# Period of the moon

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1. Nov 18, 2014

### Boe Nancy

1. The problem statement, all variables and given/known data
The orbit of the moon is approximately a circle of radius 60 times the equatorial radius of the earth. Calculate the time taken for the Moon to complete one orbit, neglecting the rotation of the earth.

Equatorial radius of the earth = 6.4 *10^6m
1 day = 8.6*10^4s
Acceleration of free fall at the poles of earth = 9.8ms^-2

2. Relevant equations
Newtonian law of gravity

3. The attempt at a solution
GMm/r^2 = mv^2/r and solve for v ---> v = sqrt(2GM/r)

Now it takes a period of time T fort he mion to make one full orbit. Thus it travels a distance C

C = 2*pi*r and using C = v*T --> T = C/v = 2*pi*r/sqrt(2GM/r)

Now i am told that r = 60Re where Re = radius of earth.

were i go from here since I was not given the mass of the earth. And what do i use the value of pi as ???

2. Nov 18, 2014

### SteamKing

Staff Emeritus
You can look up the mass of the earth on this thing known as the internet.

Seriously, you don't know the value of pi (π), you know, the ratio of the circumference of a circle to its diameter? It's like a constant.

3. Nov 18, 2014

### Boe Nancy

4. Nov 18, 2014

### Boe Nancy

I wanted an alternative way to work it with the mass of the earth since it was not given. And when i use 3.14 for pi i not getting the proper answer. Do you have any thing good to add to this question if not go .........

5. Nov 18, 2014

### SteamKing

Staff Emeritus
Thanks for your suggestion. Back at you.

If your answer isn't coming out correctly, I doubt it's because you're using an incorrect value of π.

Since you don't show any of your calculations, which is what the rules of the forum ask you to do, it's hard to tell where you might be making a mistake.

6. Nov 18, 2014

### Boe Nancy

Hey are you going to answer the question yes or no its one set of small talk you pulling ?

7. Nov 18, 2014

### Staff: Mentor

Okay you two, please turn up the courtesy knob on your transmitters :)

Boe Nancy, consider that if you know the acceleration due to gravity at one Earth radius (g at the surface) then you can determine the local value of 'g' at any radius using a method of ratios. That will give you the centripetal acceleration...

8. Nov 18, 2014

### lep11

9. Nov 18, 2014

### Staff: Mentor

My interpretation is that the poster is wondering how many digits of accuracy to use for the pi constant. Since nearly every calculator these days has a $\pi$ key, just use that and all the digits provided. Other factors will determine the overall accuracy and precision of your calculated values.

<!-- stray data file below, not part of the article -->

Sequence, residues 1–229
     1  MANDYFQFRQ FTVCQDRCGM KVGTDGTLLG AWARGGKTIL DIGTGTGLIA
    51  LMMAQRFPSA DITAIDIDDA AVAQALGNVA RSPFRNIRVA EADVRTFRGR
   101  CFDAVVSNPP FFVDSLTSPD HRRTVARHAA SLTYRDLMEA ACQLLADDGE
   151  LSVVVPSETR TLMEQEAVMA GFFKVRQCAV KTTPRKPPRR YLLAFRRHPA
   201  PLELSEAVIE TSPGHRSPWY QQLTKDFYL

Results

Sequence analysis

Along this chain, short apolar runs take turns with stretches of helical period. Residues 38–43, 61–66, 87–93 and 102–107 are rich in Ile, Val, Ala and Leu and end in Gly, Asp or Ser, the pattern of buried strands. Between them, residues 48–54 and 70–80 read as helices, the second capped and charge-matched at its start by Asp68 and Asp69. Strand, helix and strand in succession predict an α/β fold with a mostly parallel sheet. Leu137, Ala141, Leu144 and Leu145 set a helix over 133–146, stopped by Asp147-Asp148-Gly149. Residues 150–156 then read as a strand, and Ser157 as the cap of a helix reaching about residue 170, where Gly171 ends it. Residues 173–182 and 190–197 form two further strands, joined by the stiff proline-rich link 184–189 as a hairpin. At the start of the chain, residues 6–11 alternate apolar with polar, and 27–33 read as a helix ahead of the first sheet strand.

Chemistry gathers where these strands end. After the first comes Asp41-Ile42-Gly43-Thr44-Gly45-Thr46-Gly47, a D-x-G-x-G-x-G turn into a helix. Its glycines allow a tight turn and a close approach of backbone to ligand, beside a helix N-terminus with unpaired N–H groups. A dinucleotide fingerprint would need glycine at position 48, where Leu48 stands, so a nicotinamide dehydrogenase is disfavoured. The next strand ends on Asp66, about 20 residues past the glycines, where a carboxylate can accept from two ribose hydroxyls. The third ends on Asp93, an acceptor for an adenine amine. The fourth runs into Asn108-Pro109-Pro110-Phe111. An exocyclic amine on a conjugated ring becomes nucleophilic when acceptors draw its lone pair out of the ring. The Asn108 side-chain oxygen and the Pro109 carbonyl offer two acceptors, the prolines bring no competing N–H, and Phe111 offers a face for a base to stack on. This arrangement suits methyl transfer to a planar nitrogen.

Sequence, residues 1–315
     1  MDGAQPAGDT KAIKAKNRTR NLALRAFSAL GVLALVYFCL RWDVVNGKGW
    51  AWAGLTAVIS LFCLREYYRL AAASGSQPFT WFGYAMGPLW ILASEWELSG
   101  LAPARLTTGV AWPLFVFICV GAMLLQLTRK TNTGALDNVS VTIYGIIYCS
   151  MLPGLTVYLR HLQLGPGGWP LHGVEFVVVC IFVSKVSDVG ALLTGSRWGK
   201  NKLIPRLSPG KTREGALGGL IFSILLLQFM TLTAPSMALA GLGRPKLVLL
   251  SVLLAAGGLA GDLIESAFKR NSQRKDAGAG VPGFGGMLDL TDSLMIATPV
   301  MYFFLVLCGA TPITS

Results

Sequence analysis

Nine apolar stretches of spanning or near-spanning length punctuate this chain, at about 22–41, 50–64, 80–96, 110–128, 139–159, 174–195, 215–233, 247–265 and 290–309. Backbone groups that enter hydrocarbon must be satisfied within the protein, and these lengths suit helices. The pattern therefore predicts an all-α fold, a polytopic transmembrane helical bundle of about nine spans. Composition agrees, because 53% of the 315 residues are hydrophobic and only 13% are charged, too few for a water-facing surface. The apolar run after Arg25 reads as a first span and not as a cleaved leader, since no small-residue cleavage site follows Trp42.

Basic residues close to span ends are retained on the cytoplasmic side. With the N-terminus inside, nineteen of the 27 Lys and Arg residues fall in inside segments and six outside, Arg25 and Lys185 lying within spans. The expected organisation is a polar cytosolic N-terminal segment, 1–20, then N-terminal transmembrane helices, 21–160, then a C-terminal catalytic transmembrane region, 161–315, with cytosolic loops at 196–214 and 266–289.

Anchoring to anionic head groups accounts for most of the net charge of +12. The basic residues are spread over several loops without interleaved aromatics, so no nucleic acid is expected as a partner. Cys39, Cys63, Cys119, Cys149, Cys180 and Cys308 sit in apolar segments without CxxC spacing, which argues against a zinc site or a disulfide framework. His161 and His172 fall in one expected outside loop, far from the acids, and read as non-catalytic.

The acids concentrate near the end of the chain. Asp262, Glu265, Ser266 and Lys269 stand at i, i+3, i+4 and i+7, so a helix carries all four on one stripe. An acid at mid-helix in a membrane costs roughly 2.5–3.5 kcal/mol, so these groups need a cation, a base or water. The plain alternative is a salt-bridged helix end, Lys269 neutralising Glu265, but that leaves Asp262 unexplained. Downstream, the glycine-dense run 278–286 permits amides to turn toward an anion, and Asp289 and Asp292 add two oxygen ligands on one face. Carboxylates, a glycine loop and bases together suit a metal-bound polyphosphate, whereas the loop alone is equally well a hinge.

10. Nov 18, 2014

### lep11

Your formula for v is not correct so maybe that is why you didn't get the right answer.

11. Nov 18, 2014

### Boe Nancy

LOL i will send a picture of what i did is just when I use the normal way of using the mass of the earth i am getting the answer just the way without using the mass i am seeing trouble with i dont know if is transposing or some simple mistake i will put up a picture shortly

12. Nov 18, 2014

### Boe Nancy

Yeah sorry i know just lost in a question an some guy was giving me a hard time

13. Nov 18, 2014

### Boe Nancy

this is what I did and got a period of 0.457 days, in the 2 attachment

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14. Nov 18, 2014

### Staff: Mentor

$$G \frac{M_E m_M}{r^2} = m_M g$$
is not correct. F = Mg only applies to objects located near the surface of the Earth where the acceleration due to gravity is approximated by a constant g. If the Moon happened to orbit at the Earth's surface you would be fine, and your period of about half a day might even be credible. But we know that the period of the Moon is closer to a month (hence the name "month" derived from "Moon").

I gave you a hint about finding the acceleration due to gravity at the Moon's orbital radius given the known acceleration due to gravity near the Earth's surface...

15. Nov 18, 2014

### Boe Nancy

Oh lawd this question is head ache could you give me a little more detail please

16. Nov 18, 2014

### Boe Nancy

So do i have to use the value of the moon gravity

17. Nov 18, 2014

### Ritzycat

What he's trying to say is that g varies depending on your distance from Earth's core. For example, think if you are at Mount Everest. You are further away from Earth's core on Mount Everest then you are at sea level. So, your acceleration due to gravity is lower (albeit very small) at Mount Everest than at sea level. Now think of how far away the moon is from the Earth's core: (3.84*108 meters).

No. You still need to place the moon in relation to Earth. But, you should know that you can't use Earth's g on the moon - Earth doesn't exert a full 9.8m/s2 on the moon. It's only the acceleration due to gravity on Earth's surface.

18. Nov 19, 2014

### lep11

GMm/r^2 = mv^2/r

v=ωr and T=(2π)/ω

M=5.97219 × 1024 kg

What is the problem? Is it not allowed to use the known value of M?

Last edited: Nov 19, 2014
19. Nov 19, 2014

### Staff: Mentor

That is the problem, yes. It wasn't a given in the original problem statement. But it isn't required if you know how g varies with distance.

@Boe Nancy , what is the formula for the acceleration due to gravity? (You can use Mearth here, it will disappear from the equations shortly).